As the U.S. role rapidly evolved, U.S. and Syrian Kurdish commanders began to coordinate air and ground operations far more closely than previously disclosed. A Syrian Kurdish general in a joint operations center in northern Iraq delivered daily battlefield intelligence reports to U.S. military planners, and helped spot targets for airstrikes on Islamic State positions.
In contrast to the lengthy legal debate over U.S. aid to rebels fighting the Syrian regime, U.S. airdrops of weapons to Kobani got a swift nod from administration lawyers—a sign of its importance to the administration.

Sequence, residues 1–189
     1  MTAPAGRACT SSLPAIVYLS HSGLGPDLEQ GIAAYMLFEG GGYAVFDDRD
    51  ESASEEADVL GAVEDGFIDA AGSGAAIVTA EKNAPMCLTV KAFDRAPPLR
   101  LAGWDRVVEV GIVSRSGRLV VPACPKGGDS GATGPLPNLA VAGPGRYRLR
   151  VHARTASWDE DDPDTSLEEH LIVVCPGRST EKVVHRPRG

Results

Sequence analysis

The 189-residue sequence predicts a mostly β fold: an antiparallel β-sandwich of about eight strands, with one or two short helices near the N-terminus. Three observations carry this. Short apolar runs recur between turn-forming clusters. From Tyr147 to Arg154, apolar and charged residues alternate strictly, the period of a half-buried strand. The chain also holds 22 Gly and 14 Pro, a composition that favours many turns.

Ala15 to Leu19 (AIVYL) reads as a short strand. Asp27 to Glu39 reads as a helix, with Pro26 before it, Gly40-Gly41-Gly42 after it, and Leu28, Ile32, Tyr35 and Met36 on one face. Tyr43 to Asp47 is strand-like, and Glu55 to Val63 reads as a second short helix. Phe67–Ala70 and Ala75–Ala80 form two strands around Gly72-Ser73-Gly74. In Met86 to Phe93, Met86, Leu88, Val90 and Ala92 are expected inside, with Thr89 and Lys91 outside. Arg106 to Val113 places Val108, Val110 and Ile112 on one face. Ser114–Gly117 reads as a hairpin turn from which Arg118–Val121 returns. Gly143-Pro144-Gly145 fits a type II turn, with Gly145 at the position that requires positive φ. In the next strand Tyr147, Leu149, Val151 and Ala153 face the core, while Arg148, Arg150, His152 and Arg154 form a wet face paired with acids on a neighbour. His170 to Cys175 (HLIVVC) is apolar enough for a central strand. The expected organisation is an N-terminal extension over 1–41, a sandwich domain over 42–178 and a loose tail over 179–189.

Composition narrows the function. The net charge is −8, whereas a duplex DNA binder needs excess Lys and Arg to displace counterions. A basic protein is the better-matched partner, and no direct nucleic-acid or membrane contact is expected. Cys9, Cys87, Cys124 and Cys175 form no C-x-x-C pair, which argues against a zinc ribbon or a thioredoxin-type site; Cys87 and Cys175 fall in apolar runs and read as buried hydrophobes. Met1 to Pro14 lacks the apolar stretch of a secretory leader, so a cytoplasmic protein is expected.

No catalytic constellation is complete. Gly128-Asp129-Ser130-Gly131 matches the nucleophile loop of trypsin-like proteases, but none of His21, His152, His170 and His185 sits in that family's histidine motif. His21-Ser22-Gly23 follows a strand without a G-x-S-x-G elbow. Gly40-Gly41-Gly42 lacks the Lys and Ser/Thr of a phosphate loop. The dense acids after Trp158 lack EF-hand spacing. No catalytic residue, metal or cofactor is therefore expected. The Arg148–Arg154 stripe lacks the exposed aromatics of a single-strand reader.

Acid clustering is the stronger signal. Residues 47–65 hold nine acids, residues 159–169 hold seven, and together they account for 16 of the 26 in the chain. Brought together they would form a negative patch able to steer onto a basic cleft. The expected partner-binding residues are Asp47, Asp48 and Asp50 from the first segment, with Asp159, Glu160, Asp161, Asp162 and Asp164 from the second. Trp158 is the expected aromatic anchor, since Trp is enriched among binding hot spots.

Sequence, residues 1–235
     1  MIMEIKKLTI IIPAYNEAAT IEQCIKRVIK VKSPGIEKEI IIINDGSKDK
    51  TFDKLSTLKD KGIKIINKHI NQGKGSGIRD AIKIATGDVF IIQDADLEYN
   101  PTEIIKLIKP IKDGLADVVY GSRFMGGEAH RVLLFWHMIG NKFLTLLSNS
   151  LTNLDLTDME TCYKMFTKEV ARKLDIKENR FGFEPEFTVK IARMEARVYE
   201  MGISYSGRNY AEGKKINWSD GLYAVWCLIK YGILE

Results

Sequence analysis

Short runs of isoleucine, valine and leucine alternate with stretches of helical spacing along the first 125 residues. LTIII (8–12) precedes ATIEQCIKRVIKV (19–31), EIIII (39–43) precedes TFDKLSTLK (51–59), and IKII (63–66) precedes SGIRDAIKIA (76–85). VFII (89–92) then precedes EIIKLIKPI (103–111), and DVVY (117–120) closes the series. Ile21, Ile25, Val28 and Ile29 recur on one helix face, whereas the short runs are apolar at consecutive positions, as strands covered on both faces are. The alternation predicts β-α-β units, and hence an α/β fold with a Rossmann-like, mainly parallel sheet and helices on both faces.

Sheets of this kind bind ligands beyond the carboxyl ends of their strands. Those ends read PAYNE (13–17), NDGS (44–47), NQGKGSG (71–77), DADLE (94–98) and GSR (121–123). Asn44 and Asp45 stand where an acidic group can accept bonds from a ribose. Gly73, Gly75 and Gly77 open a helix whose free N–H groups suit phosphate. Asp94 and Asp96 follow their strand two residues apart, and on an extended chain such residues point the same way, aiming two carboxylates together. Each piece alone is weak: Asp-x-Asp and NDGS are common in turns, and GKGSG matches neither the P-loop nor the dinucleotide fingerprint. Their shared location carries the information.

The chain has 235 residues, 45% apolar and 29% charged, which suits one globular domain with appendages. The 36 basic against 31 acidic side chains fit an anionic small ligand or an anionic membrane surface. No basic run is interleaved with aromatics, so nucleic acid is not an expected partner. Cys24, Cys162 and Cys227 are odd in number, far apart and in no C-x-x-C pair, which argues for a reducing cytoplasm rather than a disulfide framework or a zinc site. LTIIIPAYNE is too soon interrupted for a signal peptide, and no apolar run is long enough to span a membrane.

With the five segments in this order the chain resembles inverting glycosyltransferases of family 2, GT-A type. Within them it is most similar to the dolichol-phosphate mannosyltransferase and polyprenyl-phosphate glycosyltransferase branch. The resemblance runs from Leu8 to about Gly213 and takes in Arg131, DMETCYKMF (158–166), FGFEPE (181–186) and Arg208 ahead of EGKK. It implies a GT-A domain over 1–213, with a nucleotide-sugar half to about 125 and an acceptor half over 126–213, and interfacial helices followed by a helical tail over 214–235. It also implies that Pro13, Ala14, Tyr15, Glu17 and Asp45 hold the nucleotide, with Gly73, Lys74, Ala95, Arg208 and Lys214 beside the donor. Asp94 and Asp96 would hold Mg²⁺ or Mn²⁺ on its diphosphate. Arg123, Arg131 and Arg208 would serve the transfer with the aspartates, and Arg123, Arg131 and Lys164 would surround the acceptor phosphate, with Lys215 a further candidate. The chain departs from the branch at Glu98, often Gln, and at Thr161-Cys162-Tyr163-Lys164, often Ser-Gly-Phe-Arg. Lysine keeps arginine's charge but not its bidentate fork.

The change in thinking over the fate of one city, described by U.S., Kurdish, Turkish and Syrian opposition officials, shows how dramatically U.S. war aims are shifting. After Islamic State made Kobani a test of its ability to defy U.S. air power, Washington intervened more forcefully than it had initially intended to try to stem the group’s momentum.
In doing so, the U.S. crossed a Rubicon that could herald a more hands-on role in other towns and cities under siege by Islamic State at a time when some U.S. lawmakers question the direction of American strategy and warn of mission creep.